A controversial stem cell therapy center operating out of Düsseldorf and Cologne, Germany, has closed. The news follows an undercover investigation by the Sunday Telegraph which claimed that the clinic offered unproven and dangerous stem cell therapies to patients suffering from multiple sclerosis, spinal cord injuries, and strokes, including people from the UK.
In August last year, an 18-month-old Romanian baby died from internal bleeding after being injected in the brain with stem cells. In a separate incident three months before, a boy from Azerbaijan almost died after undergoing the same procedure, reported the newspaper.
The XCell-Center, which has not commented on its closure, opened in 2007 and charged patients up to £20,000 for procedures involving injecting stem cells into the brain, spine and other areas of the body. It continued to charge patients under a 'loophole' in the law, said the Sunday Telegraph, despite concerns about the safety and efficacy of the procedures offered.
In 2009 Germany implemented EU regulations to control the marketing of innovative biotechnological techniques, including stem cell therapies, which allowed member states to introduce their own laws to regulate non-routinely manufactured products – known as the 'hospital exemption' - under which XCell's procedures are believed to have fallen.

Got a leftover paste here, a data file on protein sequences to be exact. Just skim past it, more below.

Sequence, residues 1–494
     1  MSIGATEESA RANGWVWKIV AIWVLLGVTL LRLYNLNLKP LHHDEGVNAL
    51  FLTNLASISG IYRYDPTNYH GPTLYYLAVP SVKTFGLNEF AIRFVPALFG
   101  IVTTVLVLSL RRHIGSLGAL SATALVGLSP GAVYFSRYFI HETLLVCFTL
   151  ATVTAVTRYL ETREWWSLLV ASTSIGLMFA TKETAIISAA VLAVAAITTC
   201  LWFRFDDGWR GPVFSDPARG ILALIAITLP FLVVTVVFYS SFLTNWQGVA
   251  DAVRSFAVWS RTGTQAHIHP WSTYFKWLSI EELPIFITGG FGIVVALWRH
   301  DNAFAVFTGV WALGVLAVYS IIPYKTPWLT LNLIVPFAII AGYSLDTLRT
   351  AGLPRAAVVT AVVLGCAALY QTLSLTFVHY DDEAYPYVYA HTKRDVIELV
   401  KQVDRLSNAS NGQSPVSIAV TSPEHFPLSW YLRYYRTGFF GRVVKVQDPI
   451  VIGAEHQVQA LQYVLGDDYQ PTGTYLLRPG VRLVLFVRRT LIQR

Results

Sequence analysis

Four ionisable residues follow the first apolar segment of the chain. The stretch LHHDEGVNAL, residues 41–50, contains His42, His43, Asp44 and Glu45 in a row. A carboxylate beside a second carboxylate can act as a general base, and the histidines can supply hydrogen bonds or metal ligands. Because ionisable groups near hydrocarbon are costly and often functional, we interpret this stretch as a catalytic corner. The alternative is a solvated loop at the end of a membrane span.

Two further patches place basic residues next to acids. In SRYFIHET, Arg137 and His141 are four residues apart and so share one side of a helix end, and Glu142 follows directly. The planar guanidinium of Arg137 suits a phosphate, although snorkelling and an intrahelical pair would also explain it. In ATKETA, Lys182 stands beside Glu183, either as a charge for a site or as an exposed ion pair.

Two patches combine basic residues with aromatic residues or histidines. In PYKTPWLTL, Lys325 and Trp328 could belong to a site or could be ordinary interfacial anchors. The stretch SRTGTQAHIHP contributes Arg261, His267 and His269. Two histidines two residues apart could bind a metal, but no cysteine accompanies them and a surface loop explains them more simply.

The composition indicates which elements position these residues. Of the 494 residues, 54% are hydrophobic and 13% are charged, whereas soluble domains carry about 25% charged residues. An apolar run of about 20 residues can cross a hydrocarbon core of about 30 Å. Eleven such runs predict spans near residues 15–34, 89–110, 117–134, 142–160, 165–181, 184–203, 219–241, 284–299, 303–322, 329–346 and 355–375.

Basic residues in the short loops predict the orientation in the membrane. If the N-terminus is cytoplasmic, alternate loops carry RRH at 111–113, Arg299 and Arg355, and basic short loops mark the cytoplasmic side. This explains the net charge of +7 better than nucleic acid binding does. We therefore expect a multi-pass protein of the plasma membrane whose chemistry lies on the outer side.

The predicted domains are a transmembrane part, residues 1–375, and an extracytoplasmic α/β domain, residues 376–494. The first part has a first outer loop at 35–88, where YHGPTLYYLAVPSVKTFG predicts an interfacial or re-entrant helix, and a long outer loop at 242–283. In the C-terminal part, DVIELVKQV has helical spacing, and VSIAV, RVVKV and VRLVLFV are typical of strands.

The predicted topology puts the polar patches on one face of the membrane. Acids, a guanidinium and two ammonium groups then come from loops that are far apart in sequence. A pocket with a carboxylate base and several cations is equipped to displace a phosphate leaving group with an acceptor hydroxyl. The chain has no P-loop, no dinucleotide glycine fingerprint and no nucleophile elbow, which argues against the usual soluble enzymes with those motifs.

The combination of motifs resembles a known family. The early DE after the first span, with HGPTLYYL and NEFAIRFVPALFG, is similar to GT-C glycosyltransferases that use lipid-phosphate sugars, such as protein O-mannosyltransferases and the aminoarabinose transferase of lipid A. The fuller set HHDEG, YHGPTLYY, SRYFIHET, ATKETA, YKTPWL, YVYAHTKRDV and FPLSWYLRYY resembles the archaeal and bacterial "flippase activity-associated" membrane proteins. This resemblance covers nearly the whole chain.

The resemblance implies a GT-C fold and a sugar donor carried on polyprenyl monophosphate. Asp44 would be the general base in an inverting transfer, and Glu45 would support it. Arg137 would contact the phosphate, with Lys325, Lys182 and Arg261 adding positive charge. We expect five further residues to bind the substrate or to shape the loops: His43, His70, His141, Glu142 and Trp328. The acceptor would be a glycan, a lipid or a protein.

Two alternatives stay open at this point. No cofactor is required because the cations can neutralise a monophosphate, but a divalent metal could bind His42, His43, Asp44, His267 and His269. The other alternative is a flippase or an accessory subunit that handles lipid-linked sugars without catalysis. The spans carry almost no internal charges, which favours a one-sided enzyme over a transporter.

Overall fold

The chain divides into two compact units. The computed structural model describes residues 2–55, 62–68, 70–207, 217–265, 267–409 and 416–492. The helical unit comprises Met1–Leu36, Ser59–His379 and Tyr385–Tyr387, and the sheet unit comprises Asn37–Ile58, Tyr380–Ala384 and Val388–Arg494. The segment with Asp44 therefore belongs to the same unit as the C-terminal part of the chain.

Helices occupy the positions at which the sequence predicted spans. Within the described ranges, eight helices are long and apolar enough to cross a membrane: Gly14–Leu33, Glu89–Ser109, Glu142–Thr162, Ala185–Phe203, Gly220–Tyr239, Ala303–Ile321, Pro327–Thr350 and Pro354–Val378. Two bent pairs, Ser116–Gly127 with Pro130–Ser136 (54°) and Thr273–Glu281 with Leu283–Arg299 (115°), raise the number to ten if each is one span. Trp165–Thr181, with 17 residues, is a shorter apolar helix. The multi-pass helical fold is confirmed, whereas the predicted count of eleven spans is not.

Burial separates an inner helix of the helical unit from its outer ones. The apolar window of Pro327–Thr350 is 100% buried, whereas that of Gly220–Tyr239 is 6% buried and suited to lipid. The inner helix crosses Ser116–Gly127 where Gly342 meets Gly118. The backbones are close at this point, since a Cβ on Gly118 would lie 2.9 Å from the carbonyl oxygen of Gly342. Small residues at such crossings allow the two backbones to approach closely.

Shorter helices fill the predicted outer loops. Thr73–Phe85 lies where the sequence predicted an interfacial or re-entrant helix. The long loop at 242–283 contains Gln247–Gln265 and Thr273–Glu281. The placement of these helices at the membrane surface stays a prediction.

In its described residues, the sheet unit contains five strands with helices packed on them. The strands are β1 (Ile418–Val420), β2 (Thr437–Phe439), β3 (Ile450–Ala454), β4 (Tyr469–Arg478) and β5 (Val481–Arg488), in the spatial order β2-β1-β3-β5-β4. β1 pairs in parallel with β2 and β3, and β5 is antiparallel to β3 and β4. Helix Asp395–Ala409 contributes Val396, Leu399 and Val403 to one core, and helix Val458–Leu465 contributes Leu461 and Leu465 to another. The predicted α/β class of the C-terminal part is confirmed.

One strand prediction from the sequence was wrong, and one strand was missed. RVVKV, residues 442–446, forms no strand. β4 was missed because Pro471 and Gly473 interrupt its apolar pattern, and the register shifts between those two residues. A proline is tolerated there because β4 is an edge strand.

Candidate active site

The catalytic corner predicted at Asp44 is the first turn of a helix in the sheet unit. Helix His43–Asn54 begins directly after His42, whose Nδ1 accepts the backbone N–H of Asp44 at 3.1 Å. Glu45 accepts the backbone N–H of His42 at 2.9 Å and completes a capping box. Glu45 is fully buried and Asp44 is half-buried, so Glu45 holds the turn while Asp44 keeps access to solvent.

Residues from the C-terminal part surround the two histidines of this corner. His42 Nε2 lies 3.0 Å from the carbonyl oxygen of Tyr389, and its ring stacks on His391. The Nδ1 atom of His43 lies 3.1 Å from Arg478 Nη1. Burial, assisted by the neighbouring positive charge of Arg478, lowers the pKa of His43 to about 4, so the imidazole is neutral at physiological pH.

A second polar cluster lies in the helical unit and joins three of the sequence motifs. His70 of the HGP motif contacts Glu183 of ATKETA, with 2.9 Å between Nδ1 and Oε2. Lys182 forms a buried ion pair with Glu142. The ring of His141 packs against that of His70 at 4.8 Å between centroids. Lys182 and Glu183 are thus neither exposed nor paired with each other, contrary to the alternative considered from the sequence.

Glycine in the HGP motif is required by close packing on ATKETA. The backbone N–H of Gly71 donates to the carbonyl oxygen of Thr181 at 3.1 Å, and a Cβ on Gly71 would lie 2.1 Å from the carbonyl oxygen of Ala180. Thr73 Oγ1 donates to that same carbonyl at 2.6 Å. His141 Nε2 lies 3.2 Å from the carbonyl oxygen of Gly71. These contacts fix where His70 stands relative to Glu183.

The Paul Ehrlich Institute, responsible for regulating and licensing biomedicine in Germany, permitted an 18-month transition period but this ran out for XCell in January 2011. Nature News reports the institute, which issued an order on 21 April prohibiting all procedures involving the transfer of stem cells, noted XCell did not then apply for licences for the procedures offered on its website.
The clinic's website says: 'Due to a new development in German law, stem cell therapy is currently not possible to perform at the XCell-Center'. It has told its patients that all appointments are cancelled until further notice.
A spokesman for the Paul Ehrlich Institute said: 'The situation is very complicated but the law on stem cell treatments has not changed. However we welcome the news that the XCell-Center is not accepting any more cases'.
If XCell wishes to continue to operate, the center will need to submit licence applications for its procedures to the institute or apply to the European Medicines Agency in 2012.
Ira Hermann, coordinator of the North Rhine Westphalia stem cell network, welcomed the closure saying that XCell was offering 'unproven treatments' and 'taking a lot of money from very vulnerable people'.
Professor Chris Mason, chair of regenerative medicine at University College London, said: 'This is excellent news for the European cell therapy industry. XCell had failed to demonstrate its treatments were either safe and effective or had scientific rationale'.